When Donika Mullaademi packed her bags to flee to her sister’s home in Michigan, the intended plan was a short escape from a war happening in her native country, Kosovo. Donika would be away from the life that she was familiar with only until the war was over.
That was 1999. She never returned to Kosovo to live.
“At 19-years-old leaving everything behind and coming to a country that you don’t know much about and don’t even speak the same language – it’s the toughest thing to do,” said Donika. “But meanwhile, the war continued back home. I was in the U.S., the land of opportunities; I tried to make the best of it.”
While waiting on the war to end, Donika began to pursue the opportunities available to her in America.
Donika knew if she wanted to thrive in the U.S., learning English was essential. She watched cartoons with her nephew and enrolled in night classes for additional help. After learning the basics of the language, Donika earned her way into the engineering program at the University of Michigan.
During Donika’s senior year, her engineering career took off through a co-op position with DTE Energy. After graduation, she began working for DTE’s Fossil Generation ESO (Engineering Support Organization). She was one of the few women on the team that provided engineering support for all power plant electrical systems.
“Being in a male-dominated field does not stop me,” she said. “I don’t let the fact that I am a female or from a different country intimidate me from going after what I want.”
The one-time war refugee has climbed the ranks in her field, and she now serves as manager of Distribution Operations Field Service. Donika leads 80 field employees that support the entire electrical system.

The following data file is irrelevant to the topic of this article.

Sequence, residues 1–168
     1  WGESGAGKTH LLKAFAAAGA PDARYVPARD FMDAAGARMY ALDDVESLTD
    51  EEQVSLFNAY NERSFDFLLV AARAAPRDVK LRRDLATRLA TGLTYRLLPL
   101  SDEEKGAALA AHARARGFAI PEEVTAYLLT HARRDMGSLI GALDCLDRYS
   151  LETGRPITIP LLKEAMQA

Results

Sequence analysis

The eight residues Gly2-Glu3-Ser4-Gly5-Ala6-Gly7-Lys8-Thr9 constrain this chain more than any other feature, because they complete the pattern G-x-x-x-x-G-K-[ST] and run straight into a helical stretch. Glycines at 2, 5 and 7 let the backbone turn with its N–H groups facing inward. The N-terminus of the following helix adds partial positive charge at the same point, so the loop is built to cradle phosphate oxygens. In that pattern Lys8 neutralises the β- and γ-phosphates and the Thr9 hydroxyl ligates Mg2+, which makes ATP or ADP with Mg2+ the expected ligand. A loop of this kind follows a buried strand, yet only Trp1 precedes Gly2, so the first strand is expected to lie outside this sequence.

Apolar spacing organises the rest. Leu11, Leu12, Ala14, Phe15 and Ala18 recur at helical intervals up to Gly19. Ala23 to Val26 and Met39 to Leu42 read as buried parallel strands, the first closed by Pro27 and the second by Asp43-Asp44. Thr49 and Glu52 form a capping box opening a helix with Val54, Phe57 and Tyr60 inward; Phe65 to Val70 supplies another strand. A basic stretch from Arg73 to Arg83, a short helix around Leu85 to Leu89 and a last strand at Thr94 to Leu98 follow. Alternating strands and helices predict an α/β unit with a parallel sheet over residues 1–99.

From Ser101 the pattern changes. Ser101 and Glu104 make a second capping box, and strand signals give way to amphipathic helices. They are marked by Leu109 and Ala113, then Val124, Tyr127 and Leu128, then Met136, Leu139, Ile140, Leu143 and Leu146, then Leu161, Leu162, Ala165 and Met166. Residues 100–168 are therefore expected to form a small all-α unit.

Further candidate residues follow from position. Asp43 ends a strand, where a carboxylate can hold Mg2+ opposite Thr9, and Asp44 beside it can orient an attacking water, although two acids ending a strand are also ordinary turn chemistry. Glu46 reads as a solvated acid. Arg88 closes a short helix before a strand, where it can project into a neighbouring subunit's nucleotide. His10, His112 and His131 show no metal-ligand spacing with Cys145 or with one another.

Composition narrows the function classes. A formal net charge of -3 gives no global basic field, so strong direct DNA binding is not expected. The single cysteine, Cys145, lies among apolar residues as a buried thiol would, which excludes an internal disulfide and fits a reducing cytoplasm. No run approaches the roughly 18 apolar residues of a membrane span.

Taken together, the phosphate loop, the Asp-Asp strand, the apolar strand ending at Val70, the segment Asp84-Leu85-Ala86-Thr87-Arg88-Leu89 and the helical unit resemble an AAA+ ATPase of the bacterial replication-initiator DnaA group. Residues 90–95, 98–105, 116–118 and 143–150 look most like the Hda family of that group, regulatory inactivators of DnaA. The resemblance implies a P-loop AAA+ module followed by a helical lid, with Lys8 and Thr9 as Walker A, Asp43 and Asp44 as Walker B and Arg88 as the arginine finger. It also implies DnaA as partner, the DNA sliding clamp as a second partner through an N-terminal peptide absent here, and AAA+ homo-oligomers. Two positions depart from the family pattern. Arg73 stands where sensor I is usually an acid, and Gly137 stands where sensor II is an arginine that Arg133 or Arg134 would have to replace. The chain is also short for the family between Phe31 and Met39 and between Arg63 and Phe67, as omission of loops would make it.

Donika encourages other women to not be afraid because of being a minority or let lack of familiarity stop them from pursuing their desires.
“If you don’t know how to do something, be curious and spend the time to learn it. Everything can be learned,” she said.
She also advises that constructive criticism is key. “Take the feedback, and don’t take it that someone is trying to make you look bad, but that someone is trying to help you improve.”
When Donika is not with her team making sure equipment is working properly, she is balancing being a wife and mom to her 9- and 11-year-old daughters.
Donika said that working and having a family is sometimes challenging, but people can achieve work-life balance by sticking with a schedule and going with the highest priority when there is a conflict.
“For example, if something safety-related happens at work, of course I drop everything. Safety and health of my team and my family are always my top priority, so I go after that,” Donika said.